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I once heard that the Japanese like to use words like 「トイレ」 and 「お手洗い」 to refer to the water closet/bathroom because they are neutral and don't have dirty connotations, especially the English loanword, because it comes from a foreign language. That made me wonder, are Chinese loanwords still considered "foreign" and therefore more impartial or less emotional?

For example, would something analogous to Churchill's "We Shall Fight on the Beaches" (which used only English words of Germanic origin) line have any effect?

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Chinese words are technically considered loan words, but they're so far back historically and so connected to Japanese that they are left in their own classification as 漢語{かんご} while your more typical examples of loan words from English or Portuguese or wherever, particularly of Western origin, are what people generally refer to when they say 外来語.

See this dictionary entry for clarification:

(1)他の言語より借り入れられ、日本語と同様に日常的に使われるようになった語。「ガラス」「ノート」「パン」の類。広くは漢語も外来語であるが、普通は漢語以外の主として西欧語からはいってきた語をいう。現在では一般に片仮名で書かれる。伝来語。

I bolded the relevant part, which says basically what I said above if you are unable to read it.

And I'm sorry that I somehow seemed to miss the part about emotionalness before even though it's the root of your question. But the distinction between "foreign" words and "Chinese" words even within Japanese should give you an idea of just how integral Chinese words are to Japanese language. Generally when you see something written only with 和語, with Japanese words, it gives it much more of a "Japanese" kind of feeling, of course, but I don't think you can really consider Chinese words more impartial or less emotional. I think the actual usage distinction is similar to the way Latin words crept into English, through academia. I'd say that in this way it has more of an educated feel and therefore less subject to the baseness of the commoner, like Old English words, but that's not in the same way as using a word like トイレ because it doesn't have dirty connotations.

I think a lot of the question hinges on the fact that you're asking about partiality or emotion with regard to the origin of the word, which I don't think has an effect. There is, however, a big difference in tone and in the feelings and images evoked with word choice, just as you can evoke different images and associations in English by using words of a certain type, for example saying pork versus pig.

This is just my speculation, but I would imagine that there's a rather large difference between "We Shall Fight on the Beaches" using only words of English/Germanic origin and a speech in Japanese using only words of Japanese origin because Chinese words are such a huge part of Japanese, and a lot of them are used basically in place of whatever would be a Japanese equivalent. Therefore it might sound a little bit odd to write something purely in 和語 without it sounding like poetry or something really old, whereas in English a lot of older words are still very much in common use and can be used without being too conspicuous. Like you could give a speech entirely with words rooted in Germanic/Old English and most people probably wouldn't say "hey this is only using English words!" whereas this would be quite apparent in Japanese.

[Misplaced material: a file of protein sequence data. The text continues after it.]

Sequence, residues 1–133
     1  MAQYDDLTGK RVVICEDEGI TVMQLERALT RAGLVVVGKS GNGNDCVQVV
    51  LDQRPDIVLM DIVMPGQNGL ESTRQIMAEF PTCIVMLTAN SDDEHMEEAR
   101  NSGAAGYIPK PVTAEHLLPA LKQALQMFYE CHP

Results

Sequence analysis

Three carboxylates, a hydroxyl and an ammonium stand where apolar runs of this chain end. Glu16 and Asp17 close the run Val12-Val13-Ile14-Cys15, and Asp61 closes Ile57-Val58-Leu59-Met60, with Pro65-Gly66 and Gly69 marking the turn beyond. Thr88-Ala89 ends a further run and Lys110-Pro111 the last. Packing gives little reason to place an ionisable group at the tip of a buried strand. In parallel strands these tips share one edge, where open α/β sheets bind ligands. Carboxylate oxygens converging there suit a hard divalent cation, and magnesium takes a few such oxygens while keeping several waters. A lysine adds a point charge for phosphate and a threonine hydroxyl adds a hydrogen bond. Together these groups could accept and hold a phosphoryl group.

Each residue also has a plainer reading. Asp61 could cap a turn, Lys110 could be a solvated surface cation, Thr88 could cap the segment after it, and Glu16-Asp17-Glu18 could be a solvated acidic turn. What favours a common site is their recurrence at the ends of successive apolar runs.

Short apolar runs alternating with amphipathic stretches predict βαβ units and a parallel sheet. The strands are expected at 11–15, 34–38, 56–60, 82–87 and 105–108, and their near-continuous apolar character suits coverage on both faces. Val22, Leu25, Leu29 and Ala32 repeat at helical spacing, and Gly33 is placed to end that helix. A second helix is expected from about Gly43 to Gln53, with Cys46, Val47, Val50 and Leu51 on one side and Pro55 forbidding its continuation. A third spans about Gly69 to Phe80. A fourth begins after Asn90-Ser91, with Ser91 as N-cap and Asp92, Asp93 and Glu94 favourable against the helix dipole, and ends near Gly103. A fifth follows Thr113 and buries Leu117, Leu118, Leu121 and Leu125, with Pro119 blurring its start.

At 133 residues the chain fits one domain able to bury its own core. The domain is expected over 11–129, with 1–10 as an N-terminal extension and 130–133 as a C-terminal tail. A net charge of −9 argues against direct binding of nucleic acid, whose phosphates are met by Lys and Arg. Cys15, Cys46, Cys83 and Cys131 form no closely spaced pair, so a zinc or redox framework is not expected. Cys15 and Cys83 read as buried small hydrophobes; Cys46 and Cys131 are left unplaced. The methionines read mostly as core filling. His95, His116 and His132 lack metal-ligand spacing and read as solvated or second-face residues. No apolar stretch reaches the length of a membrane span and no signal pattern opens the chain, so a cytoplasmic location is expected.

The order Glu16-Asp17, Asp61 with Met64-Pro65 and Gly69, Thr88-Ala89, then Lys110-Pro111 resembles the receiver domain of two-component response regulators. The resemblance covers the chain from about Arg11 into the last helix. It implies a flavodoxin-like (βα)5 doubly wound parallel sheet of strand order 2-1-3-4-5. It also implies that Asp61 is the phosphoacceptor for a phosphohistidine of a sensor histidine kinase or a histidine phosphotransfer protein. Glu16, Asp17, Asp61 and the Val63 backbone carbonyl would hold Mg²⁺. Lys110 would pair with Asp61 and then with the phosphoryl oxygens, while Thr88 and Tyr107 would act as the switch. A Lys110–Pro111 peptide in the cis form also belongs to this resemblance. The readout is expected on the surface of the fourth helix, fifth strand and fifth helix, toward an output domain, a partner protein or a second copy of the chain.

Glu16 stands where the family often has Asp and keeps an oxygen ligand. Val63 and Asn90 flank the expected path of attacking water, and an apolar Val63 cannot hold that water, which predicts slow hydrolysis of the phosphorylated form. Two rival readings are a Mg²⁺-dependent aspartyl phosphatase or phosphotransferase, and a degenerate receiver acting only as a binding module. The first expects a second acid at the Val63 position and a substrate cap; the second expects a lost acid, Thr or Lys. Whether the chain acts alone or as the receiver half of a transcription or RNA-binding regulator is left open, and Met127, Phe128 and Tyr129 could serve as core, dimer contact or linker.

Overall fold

This isn't to say that it's impossible for a Chinese word to be less emotional than a Japanese word, but rather that certain words already have certain cultural connotations, and using one in place of the other is deliberate, so you can make what you're writing sound smart by using a lot of Chinese words, make it sound folksy by using a lot of Japanese words, or make it sound weird by using one where the other is expected.

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What about words like 姑娘 or 炒飯? –  snailboat Jan 4 '13 at 8:48
    
If the discussion here is to be trusted, then these words are still considered 漢語, and especially when they are given katakana readings, it is only for the sake of readability due to complicated characters in the original Chinese, similar to the way fish or trees or bugs are treated. –  ssb Jan 4 '13 at 9:01
    
A little more digging shows that, by the definition of 漢語, any word that is read based on the sound of its characters rather than with a Japanese reading is considered 漢語, even if the word was made in Japan. It appears safe to say that even if the pronunciation has a little bit more of a Chinese feel, like in ラーメン or クーニャン, the fact that it came from Chinese means it is still 漢語. And 漢語 is technically still 外来語 anyway. –  ssb Jan 4 '13 at 9:20
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And to make a triple comment, I was too caught up on the technical distinction between Chinese loan words and others, but yes I would agree that those words have more of a Chinese feel to them than your more typical 漢語. –  ssb Jan 4 '13 at 9:53
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日本 (にっぽん) is the ultimate expression of nationalism, yet a Chinese loanword. I don't think there is any bias toward native Japanese words in the sense that Churchill used Germanic words in the quotation you gave. (If I understand him correctly.)

Rather than being a matter of more or less emotional, the standard, more "educated" choice seems to be the Chinese reading. Native Japanese readings have a slightly poetic flavour, but may also be used to be better understood (e.g. by children), as most homophones in Japanese are Chinese loanwords.

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I agree. Similarly, in English many French-derived words sound more formal, educated, sophisticated, etc but they aren't considered less English. –  MagicPickle Jan 6 '13 at 7:52
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